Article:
How to attract a Millennial


The Millennial Generation comprises those who were born from 1980 to the early 2000s and now represents America’s young professionals who are graduating from college, getting their first and second jobs and buying homes. We’re now seeing where they want to live: downtown.

For the first time in decades, the population of American cities has grown at a faster rate than the suburbs. There is some speculation that this is a result of the recession, with urban dwellers remaining in place instead of moving to the suburbs with low and unpredictable home prices. Alternatively, there is evidence to suggest that the migration to the cities is more intentional for this generation.

Young professionals are now seeking different communities than the suburbs that their parents and grandparents had coveted for generations. Walkable, mixed-use communities are on the rise. A developer in Cleveland seized this trend and built one of the most desirable blocks in the entire city. Ten years ago, the Maron family bought up an entire block of the city where restaurants had gone out of business, retailers had failed, crime rates were high and there was little hope for residential use.

Here’s what it looks like now:

If You Build It, They Will Come: How Cleveland Lured Young Professionals Downtown

The block is thriving with outdoor seating, apartment buildings at capacity and successful retail. The project wasn’t immediately accepted by other entrepreneurs though; the Maron’s opened their own restaurants when others weren’t willing to take another chance on the neighborhood. By the time they opened a 224 unit apartment building on the block, the area was so popular that the building filled almost immediately.

Perhaps they’ve read The Creative Community Builder’s Handbook (by Tom Borrup).

The term creative community building describes efforts to weave multiple endeavors and professions into the never-ending work of building and rebuilding the social, civic, physical, economic and spiritual fabrics of communities. Creative community building engages the cultural and creative energies inherent in every person and every place.

Looking at the above picture of the block, it certainly seems like they’ve done that. This vibrant community in downtown Cleveland captures what many Millennials are looking for as they begin to live on their own. The area is walkable, there are residential options, dining and retail. It’s high-density, efficient land use with a markedly decreased rate of crime and it’s actually pretty cool.

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Posted on August 6, 2013, in Entrepreneurship, Food, Housing, Neighborhoods, Public Infrastructure, Regions, Transportation, Trends, Uncategorized, Urbanism and tagged , , , , , , , , , , , . Bookmark the permalink. 3 Comments.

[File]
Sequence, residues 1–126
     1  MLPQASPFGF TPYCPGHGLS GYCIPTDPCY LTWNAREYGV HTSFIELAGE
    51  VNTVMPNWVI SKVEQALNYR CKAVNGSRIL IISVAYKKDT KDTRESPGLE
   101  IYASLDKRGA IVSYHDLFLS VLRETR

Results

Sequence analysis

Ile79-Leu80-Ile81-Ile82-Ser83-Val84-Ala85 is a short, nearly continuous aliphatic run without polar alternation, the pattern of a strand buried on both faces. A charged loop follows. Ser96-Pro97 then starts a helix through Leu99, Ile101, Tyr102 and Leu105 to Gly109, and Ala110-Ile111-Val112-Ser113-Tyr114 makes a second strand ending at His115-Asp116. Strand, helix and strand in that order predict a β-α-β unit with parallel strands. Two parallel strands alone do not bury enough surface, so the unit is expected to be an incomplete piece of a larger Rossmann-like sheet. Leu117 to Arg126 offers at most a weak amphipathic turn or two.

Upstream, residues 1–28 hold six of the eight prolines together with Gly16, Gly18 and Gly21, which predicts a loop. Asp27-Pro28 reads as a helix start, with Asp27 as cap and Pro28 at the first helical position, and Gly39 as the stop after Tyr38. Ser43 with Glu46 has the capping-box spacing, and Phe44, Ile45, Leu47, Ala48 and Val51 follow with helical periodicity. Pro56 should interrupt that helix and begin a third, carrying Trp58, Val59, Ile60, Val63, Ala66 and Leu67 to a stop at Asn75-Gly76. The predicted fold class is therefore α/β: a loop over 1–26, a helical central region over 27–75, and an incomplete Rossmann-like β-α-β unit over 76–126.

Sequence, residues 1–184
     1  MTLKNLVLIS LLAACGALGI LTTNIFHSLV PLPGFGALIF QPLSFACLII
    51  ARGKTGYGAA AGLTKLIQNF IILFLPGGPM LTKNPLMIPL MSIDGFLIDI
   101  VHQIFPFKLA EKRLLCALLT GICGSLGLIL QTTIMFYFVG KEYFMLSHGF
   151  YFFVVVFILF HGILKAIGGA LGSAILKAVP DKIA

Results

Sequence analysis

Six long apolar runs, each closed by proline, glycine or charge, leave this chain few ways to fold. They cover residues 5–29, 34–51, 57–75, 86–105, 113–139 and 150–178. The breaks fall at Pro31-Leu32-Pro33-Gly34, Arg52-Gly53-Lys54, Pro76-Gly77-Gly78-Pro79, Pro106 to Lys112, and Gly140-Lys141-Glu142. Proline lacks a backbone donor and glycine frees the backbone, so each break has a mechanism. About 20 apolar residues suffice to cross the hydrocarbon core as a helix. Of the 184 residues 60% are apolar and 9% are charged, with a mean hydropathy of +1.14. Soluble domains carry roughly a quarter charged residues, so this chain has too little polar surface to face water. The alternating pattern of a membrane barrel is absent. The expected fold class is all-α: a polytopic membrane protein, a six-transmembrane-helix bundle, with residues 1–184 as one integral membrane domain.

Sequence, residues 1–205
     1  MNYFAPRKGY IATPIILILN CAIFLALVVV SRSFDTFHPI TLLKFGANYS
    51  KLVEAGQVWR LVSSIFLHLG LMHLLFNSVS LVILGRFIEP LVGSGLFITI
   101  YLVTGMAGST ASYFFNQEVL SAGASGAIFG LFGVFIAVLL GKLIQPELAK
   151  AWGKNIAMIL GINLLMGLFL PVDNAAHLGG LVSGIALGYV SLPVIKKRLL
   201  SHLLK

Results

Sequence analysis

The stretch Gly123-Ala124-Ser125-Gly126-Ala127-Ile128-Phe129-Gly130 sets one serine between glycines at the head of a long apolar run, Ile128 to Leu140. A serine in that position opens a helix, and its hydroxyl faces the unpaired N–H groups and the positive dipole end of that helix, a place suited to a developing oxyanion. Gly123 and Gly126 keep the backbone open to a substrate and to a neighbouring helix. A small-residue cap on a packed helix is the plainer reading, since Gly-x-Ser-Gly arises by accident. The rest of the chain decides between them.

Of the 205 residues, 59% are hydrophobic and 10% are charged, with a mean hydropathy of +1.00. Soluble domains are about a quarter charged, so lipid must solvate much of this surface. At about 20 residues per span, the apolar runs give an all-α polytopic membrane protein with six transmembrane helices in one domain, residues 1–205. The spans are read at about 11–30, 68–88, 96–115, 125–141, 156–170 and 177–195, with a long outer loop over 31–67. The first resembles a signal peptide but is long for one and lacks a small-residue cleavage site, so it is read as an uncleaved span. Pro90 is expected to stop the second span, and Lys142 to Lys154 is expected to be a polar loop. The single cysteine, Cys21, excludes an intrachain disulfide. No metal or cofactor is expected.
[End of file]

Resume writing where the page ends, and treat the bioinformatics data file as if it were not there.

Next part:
1. Can you name one area in the Lehigh Valley that could attract a Millennial ? Do we have a supply or demand problem in the LV?

  2. I think our cities are working on it. I could imagine the above image being in Allentown in 10 years time. I shared the article with the management at City Center. They replied that it is their vision, too. I’ve seen that area of Cleveland develop over time. It didn’t happen overnight.

  3. ah yes, the coveted Millennial demographic. The single young professional with disposable income. EVERY muni is after them. Why? Like seniors they are revenue without kids and strain on a school district.

    Recently, Lower Mac approved an upzoning to allow apartments on a commercial property. The rationale laid out by the developer was that the complex will attract “young professionals”. And yes, our current board ate it up. (not “going there” with the fact the president of the board was the realtor of the project….)

    Problem is, as the blog post outlines millennials aren’t interested in the burbs. Esp ones like LMT that have none of the amenities they want and are the absolute antithesis of a walkable community.

    I am one generation removed from a millennial in my early 30’s. (I think that puts me one up?) But I do have friends in the mid 20’s late 20’s young professional cohort. Very few are opting to live in places like LMT. I know 1 or 2 but most….They are off to the cities.

    That’s just my anecdotal evidence but it does tend to fall in line with the assumptions made in this blog.

    So yes, millennials were the golden ticket for a developer looking for zoning flexibility in LMT. Our officials were sold hook line and sinker on the millennial argument. Problem is no one questioned the rationale of why a millennial would choose LMT when they have options like South Bethlehem. Places that have the amenties they want. Restaurants, entertainment, jobs, walkability.

    Officials and developers really need to re-think the way we are growing if they want to make the millennial argument in LMT with a straight face.

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